Plants are leafing out and flowering sooner each year than predicted by results from controlled environmental warming experiments, according to data from a major new archive of historical observations assembled with the help of a NASA researcher.
Researchers use experiments that manipulate the temperature of the environment surrounding small plots of plants to gauge how specific plants will react to higher temperatures. The observed plant responses can then be incorporated into models that predict future ecosystem changes as temperatures around the globe continue to rise. But when a group of scientists compared these results to a massive new archive of historical observations, they found that the warming experiments are dramatically underestimating how plants respond to climate change.
The results were published online in the journal Nature on May 2. In addition to quantifying how a broad collection of plant species have responded to date to rising temperatures, the study suggests that the way warming experiments are conducted needs to be re-evaluated.
“This suggests that predicted ecosystem changes — including continuing advances in the start of spring across much of the globe — may be far greater than current estimates based on data from warming experiments,” said Elizabeth Wolkovich, who led the interdisciplinary team of scientists behind the new research while she was a postdoctoral fellow at the University of California, San Diego. “The long-term records show that phenology is changing much faster than estimated based on the results of the warming experiments. This suggests we need to reassess how we design and use results from these experiments.”
Benjamin Cook, of NASA’s Goddard Institute for Space Studies and Columbia University, New York, worked with Wolkovich to create the massive new archive of long-term, natural phenology observations to gauge the accuracy of the phenological predictions based on these plant warming experiments. The archive includes data from 1,558 species of wild plants on four continents. The historical records showed that leafing and flowering will advance, on average, five to six days per degree Celsius — a finding that was consistent across species and datasets. These data show that estimates based on data from warming experiments are underpredicting advances in flowering by eight and a half times and advances in leafing by four times. The authors expect the data archive to be an important benchmark in future phenology studies.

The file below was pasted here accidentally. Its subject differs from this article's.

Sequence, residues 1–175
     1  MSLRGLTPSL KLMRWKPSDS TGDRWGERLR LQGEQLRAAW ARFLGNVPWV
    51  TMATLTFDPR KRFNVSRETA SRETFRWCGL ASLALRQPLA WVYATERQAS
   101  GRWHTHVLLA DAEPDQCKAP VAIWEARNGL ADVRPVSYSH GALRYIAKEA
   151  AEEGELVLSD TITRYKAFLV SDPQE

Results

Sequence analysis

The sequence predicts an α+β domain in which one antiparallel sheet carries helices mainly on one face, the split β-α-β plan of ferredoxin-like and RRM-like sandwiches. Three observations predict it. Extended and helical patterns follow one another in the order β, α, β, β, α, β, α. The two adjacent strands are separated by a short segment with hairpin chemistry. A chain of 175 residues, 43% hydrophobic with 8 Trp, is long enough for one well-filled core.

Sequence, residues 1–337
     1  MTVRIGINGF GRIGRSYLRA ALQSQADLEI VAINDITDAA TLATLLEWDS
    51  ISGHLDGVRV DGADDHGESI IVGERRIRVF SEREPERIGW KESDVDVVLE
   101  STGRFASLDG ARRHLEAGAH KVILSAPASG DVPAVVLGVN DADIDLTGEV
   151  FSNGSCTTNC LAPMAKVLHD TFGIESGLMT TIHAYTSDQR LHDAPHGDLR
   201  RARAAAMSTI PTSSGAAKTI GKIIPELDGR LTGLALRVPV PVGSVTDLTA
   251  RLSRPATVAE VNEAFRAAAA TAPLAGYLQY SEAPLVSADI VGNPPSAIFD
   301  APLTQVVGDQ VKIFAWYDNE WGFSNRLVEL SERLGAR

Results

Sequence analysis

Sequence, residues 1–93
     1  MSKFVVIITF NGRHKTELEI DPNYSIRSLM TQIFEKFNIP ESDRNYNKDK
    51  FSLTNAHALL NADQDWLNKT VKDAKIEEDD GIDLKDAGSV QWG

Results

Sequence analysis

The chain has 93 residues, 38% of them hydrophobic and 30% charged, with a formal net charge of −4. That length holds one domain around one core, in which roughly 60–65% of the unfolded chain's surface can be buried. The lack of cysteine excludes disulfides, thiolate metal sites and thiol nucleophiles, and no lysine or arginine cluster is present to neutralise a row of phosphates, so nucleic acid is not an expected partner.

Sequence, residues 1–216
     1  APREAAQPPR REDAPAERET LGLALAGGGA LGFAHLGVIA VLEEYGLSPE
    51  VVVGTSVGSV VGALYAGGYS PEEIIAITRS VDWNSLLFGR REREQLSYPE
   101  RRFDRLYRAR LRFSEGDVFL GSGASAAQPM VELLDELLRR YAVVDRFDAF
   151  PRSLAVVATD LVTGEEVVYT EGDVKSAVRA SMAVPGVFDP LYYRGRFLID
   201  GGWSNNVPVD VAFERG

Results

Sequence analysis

“These results are important because we rely heavily on warming experiments to predict what will happen to ecosystems in the future,” said Cook, who helped bring together a research team including support from the National Center on Ecological Analysis and Synthesis to build the archive of real-world observations. “With these long-term observational records you may be able to pick up a shift in a plant community over a few years that you wouldn’t be able to observe in an experiment.”
The study of phenology, the timing of annual plant events such as the first flowering and leafing out of spring, provides one of the most consistent and visible responses to climate change. Long-term historical records, some stretching back decades and even centuries, show many species are now flowering and leafing out earlier, in step with rising temperatures. Because these records aren’t available everywhere and predicted future warming is often outside the range of historical records, ecologists often use controlled experiments that create warmer conditions in small plots to estimate how different species will respond to expected temperature increases.
The timing of plants’ flowering and leafing out in spring is not only a basic, natural indicator of the state of the climate. Predicting plant responses to climate change has important consequences for human water supply, pollination of crops and overall ecosystem health.
Wolkovich, Cook and colleagues suggest a number of potential reasons the estimates based on experimental data have underpredicted the plant response to higher temperatures. There could be additional effects of climate change not mirrored in the controlled experiments, or from the fact that the methods used to create warmth in the studies could be creating counteracting effects such as drying out soils or reducing the amount of sunlight reaching the plants.
“Continuing efforts to improve the design of warming experiments while maintaining and extending long-term historical monitoring will be critical to pinpointing the reasons for the differences, and will yield a more accurate picture of future plant communities and ecosystems with continuing climate change,” Wolkovich said.